Not everyone agrees with the government’s conclusions. One of the most outspoken of the critics is Dr. Rajan Pandey, physician, researcher and blogger. He claims that use of “around-the-clock” Internet-connected devices, such as cell phones and wearables like smart watches pose one of the most formidable health hazards of our time. The continuous connectivity of devices, he maintains, is wreaking havoc on the human body with constant radiation, which he calls a “slow poison.” Pandey points to some studies that suggest possible side effects from continuing exposure that include low sperm count, headaches, eye irritation, loss of appetite, nausea, sleep disruption, and mood swings. This risk, he contends, is greater for children as they have thinner skulls than adults.  While one inter-connected device may not exceed the government’s SAR guideline, it is the incessant use of the device, and the growing number of devices each household has that causes concern.

Apart from health concerns, another consideration is the effect of such devices on the environment. Supporters of IoT point to potential benefits such as environmental sensors that can detect pollution, smart thermostats that can help save money on electric bills, and a new agriculture technology that can save water by giving crops exactly the amount they need and no more. Of course, the manufacture of all these devices will require raw materials and, then, there is the problem of the disposition of old devices as the technology evolves. Part of the disposal issue is related to manufacturer “planned obsolescence” that seems to be increasing in frequency.

The carbon footprint problem may be hard to assess for some of these devices.  For example, Nest claims that in only eight weeks, its thermostats save enough energy to become carbon neutral relative to the amount of energy it takes to manufacture and distribute their devices. Other products like fitness trackers, kitchen appliances, and home security systems probably will have heavier footprints. 

Another significant environmental concern is the amount of energy the servers to which the devices are connected use. Of course, big data centers have a financial incentive (lowering power bills) to reduce the amount of energy their servers require. The issue really has more to do with the use of renewable energy sources. As the IoT grows, so does the pressure to develop more clean and renewable energy options.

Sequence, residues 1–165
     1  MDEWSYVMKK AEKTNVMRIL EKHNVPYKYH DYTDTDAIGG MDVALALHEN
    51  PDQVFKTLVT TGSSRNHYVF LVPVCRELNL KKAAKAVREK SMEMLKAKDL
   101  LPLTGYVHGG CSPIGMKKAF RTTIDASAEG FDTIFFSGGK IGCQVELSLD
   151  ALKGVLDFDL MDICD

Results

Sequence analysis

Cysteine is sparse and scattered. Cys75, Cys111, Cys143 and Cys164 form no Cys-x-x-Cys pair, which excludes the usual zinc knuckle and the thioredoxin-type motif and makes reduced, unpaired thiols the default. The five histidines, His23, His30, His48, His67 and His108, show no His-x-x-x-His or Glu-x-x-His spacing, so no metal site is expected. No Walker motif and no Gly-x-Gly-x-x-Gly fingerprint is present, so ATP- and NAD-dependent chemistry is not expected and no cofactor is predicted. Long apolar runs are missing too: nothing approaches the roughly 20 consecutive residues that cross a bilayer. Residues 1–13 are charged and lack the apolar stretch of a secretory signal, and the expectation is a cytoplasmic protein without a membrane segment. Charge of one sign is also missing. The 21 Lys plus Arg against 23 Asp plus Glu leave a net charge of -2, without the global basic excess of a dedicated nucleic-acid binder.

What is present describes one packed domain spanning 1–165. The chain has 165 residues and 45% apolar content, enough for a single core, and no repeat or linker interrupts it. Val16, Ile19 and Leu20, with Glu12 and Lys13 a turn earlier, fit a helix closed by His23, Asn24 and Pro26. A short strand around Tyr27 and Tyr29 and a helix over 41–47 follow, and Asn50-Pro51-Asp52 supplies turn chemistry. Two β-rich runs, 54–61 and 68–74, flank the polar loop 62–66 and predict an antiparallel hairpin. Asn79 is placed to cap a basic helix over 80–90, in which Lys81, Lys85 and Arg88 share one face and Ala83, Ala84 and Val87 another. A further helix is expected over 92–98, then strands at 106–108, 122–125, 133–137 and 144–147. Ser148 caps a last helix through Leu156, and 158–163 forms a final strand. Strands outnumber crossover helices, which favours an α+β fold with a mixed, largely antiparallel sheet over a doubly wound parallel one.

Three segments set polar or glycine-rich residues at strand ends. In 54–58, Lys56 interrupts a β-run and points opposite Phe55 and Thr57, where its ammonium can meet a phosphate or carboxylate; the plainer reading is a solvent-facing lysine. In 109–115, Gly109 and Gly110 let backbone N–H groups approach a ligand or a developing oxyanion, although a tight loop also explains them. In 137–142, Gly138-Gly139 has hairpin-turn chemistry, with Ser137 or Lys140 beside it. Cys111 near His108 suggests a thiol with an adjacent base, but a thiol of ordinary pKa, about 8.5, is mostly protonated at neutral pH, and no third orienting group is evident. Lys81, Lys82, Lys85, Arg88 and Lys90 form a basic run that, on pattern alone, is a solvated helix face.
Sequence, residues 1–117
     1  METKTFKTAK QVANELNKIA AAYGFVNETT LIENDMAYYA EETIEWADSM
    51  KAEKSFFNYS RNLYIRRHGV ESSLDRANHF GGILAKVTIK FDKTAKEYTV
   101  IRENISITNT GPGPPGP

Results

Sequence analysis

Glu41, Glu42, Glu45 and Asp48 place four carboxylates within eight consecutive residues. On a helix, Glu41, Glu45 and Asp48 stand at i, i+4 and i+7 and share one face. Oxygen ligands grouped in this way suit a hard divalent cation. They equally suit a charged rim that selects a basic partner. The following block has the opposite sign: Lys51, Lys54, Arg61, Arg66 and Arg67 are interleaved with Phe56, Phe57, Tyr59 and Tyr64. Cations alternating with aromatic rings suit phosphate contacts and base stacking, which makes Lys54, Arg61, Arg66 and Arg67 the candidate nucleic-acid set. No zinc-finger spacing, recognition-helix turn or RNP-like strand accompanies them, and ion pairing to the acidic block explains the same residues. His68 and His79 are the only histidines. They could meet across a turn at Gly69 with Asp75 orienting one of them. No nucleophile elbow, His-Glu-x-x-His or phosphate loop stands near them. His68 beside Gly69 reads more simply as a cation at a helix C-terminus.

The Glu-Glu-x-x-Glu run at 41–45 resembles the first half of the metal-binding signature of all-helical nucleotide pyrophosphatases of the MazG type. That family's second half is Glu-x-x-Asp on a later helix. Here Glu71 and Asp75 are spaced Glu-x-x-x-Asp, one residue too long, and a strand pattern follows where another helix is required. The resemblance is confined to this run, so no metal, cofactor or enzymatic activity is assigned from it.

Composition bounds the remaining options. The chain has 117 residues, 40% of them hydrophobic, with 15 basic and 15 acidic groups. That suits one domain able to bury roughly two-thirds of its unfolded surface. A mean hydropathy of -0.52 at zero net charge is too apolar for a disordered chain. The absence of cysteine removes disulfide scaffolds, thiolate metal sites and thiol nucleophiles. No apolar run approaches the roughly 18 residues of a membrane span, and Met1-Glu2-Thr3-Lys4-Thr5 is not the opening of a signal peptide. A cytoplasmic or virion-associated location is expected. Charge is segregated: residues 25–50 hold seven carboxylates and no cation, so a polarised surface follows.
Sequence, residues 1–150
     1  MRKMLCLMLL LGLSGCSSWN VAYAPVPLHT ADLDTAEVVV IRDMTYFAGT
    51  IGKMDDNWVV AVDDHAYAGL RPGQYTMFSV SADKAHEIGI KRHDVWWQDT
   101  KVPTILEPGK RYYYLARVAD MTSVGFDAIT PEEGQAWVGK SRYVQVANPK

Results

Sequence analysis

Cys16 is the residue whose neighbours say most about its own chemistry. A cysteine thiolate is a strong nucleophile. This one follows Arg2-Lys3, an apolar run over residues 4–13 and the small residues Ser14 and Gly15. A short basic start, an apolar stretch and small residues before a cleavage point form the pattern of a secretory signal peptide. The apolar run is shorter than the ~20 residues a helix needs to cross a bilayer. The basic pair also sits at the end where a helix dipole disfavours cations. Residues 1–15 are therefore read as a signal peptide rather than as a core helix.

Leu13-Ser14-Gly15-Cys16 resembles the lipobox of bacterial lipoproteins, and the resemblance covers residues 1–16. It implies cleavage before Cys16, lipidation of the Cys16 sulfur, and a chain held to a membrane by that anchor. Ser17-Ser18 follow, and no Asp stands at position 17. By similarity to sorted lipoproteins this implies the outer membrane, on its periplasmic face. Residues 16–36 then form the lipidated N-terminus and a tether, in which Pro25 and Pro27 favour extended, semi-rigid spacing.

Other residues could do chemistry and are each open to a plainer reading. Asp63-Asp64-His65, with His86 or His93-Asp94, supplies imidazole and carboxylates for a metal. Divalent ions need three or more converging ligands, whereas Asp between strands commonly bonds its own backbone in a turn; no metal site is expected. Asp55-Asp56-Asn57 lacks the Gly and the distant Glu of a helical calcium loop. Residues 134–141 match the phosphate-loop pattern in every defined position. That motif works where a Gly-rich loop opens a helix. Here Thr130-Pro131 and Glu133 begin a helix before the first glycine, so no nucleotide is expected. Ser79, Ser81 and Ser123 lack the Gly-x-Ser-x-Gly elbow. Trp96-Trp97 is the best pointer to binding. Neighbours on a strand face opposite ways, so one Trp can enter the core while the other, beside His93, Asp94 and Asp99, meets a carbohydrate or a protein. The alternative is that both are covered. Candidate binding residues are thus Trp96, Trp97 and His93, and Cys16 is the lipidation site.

McKinsey’s prediction of 1 trillion wireless devices in use by 2025 seems exaggerated; however, the number and variety of devices certainly is increasing significantly, as is the pace of user adoption. While there are some obvious benefits to Internet-connected devices for manufacturers and consumers, we would do well to consider possible health and environmental concerns as we push further into the wild, wild West.

Comments? You can contact me directly via my AdvisoryCloud profile.


Federal Communications Commission. (2018). Wireless devices and health concerns. Retrieved January 15, 2019, from


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IOT Analytics. (2018). State of the IoT 2018: Number of IoT devices now at 7B – Market accelerating. Retrieved January 15, 2019, from


McKinsey Global Institute (2013). No ordinary disruption: The four forces breaking all the trends. Retrieved January 15, 2019, from


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Pandey, R. (2016). Wearable Tech: Health hazards in the era of ‘Internet of things.’ Retrieved January 15, 2019, from


Unemyr, M. (2015). One trillion IoT devices expected by 2025: What development tools to use for development of internet connected IoT products? Retrieved January 15, 2019, from